Midnight Snack 

Friday, August 06, 2004

Before I forgot my rhubarb stew in Karen's car, we drove up and down Porn Movie's main drag, looking for an open restaurant. It was only ten at night. Nothing was open. We even stopped at the haunted bar. I suggested the Hong Kong tea place, knowing full well that Hong Kong tea drives a four-day wedge between wakefulness and sleep. Jonesy pulled up to the wrong place. Then we noticed the little pearl milk tea place.

Yes, I know.

Here in Vancouver, the morons translate it as bubble tea. This stuff contains tapioca balls, not bubbles. Bubble implies a hollow centre. Tapioca balls start out as pebbles and soften to, if expertly soaked, a stiffened marshmallow. In a good tapioca ball, the centre will be of the same consistency as the outer membrane. I myself have not managed to soak tapioca balls to Taiwanese perfection.

Bubble tea also leaves milk out of the equation and out of the translation: zhen zhu nai cha, where nai means milk.

Our pearl milk tea place - soft curly sofas, fluffly armchairs, a shoji screen, melted lava lamps, and Hong Kong movies projected onto a wall. The drinks - all the bizarre fruit teas I came to love in Taiwan. And little niblits!

I hereby proclaim this pearl milk tea place as my hangout.

It came at just the right time. I am becoming overwhelmed with longing for Asia. I keep fantasizing about quitting my job so I can rush to an onsen or go on one of my cross-Taipei walks again (I manage to clear Taipei in about three hours).

Food is about as close as I can get to Asia from this side of the Pacific. Yet the experience is disappointing. With the exception of Guu, what passes for Japanese food in this town could at the very least be fresh. I rather like California rolls, though I never came across them in Japan during my two years and three visits. Yet rolls, while readily available in Japan, come second to sashimi. You know, the slabs of raw fish. Without the rice to divert your attention.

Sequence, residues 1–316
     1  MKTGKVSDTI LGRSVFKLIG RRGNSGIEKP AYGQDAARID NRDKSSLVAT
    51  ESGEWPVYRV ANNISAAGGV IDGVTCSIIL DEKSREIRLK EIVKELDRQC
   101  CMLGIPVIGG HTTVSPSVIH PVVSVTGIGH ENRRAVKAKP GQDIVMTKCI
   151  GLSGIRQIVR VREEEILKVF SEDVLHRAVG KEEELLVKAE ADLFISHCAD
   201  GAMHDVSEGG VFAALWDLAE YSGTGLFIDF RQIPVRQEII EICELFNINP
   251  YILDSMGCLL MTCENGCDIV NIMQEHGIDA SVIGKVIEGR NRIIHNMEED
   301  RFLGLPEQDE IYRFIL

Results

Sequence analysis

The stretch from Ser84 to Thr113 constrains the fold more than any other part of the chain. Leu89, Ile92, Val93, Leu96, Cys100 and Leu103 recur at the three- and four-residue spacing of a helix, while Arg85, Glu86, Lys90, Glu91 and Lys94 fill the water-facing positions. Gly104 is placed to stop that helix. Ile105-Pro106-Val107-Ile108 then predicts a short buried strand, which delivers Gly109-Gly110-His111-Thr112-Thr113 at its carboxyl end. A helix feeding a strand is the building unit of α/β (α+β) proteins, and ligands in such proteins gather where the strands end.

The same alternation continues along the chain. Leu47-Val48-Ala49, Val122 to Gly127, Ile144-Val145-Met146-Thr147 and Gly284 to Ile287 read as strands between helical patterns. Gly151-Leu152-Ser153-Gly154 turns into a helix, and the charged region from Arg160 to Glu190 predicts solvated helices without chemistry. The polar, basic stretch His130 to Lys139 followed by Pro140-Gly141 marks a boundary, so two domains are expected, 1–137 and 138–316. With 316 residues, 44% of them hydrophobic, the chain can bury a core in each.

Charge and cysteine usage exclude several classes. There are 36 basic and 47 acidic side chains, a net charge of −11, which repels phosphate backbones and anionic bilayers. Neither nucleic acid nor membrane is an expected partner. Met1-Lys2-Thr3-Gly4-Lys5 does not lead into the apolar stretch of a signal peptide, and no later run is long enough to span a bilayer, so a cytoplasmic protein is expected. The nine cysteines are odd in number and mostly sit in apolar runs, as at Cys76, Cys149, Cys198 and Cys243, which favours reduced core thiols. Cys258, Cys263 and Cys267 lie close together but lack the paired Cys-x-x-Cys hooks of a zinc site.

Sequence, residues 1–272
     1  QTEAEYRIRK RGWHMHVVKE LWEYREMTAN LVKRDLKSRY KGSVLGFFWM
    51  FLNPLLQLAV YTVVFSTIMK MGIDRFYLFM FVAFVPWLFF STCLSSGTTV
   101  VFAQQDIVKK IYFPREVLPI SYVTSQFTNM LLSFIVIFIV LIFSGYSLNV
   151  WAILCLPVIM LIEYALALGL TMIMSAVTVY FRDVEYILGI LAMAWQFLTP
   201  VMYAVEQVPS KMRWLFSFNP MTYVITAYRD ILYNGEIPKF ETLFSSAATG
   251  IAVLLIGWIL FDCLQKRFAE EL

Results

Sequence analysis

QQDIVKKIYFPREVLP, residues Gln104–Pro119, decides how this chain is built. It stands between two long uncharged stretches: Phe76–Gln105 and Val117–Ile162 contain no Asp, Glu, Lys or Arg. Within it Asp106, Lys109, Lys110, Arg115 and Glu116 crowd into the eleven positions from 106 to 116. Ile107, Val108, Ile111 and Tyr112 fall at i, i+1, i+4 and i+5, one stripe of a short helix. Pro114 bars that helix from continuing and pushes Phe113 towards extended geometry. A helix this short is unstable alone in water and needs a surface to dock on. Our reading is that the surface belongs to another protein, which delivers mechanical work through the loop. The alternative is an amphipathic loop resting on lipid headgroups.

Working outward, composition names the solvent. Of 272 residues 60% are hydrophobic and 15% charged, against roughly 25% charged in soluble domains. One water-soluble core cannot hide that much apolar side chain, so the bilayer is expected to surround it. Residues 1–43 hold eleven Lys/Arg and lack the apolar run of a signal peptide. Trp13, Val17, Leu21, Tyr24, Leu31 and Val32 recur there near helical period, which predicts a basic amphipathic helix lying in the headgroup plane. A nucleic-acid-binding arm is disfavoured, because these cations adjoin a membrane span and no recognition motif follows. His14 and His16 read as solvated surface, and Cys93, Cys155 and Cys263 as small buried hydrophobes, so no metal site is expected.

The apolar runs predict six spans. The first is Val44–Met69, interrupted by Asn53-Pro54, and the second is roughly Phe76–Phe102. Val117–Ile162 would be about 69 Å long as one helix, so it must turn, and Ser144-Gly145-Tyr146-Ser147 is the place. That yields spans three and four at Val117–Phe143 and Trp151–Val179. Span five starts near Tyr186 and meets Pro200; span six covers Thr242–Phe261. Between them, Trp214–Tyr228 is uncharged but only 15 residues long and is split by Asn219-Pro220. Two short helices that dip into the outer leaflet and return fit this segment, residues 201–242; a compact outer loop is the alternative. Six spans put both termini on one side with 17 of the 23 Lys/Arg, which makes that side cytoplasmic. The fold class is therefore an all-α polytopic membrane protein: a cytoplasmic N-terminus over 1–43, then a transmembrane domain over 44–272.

Sashimi is king.

Vancouver sashimi is a petty bourgeoisie second-rate pianist. It arrives at your table as if it baked in the sun. Sometimes it comes with an ice cube centre. Either way it deserves to be sent back to the kitchen.

Japanese food is so much more than just sushi and no one outside of East Asia seems to have figured it out. In Japan, JJ and I would plan weekend trips based on what we could eat that season. Special mushrooms in Gunma's mountains in the fall, boar soup in the summer, shreds of yuzu lemon in delicate December broths, the freshest oysters and sea urchin that melts like silk in your mouth.

Taiwanese food is even impossibler here in Vancouver. Even more than Japanese food, its borders prevent it from travelling. There are some restaurants - restaurants! snort! give me night markets! - that purport to be Taiwanese here in Vancouver. But their red beef noodle soup is not even spicy. Their oyster omelettes have more goo than egg; the egg is too heavily cooked; and the oysters chewy. Real Taiwanese peanut butter, even in Taiwan a dying breed overtaken by Skippy and its henchmen, is the Nutella of the Asia. Export it, damn you!

Instead of fantasizing of debauchery as a polyandrous wench dallying with Joaquin Phoenix and Adam Beach and Eric Schweig and Kyan Douglas, I daydream about my lovely and doting imaginary husbands feeding me rou yuan.

For Mr. Firemind's online potluck, I thus present this Taiwanese feast.

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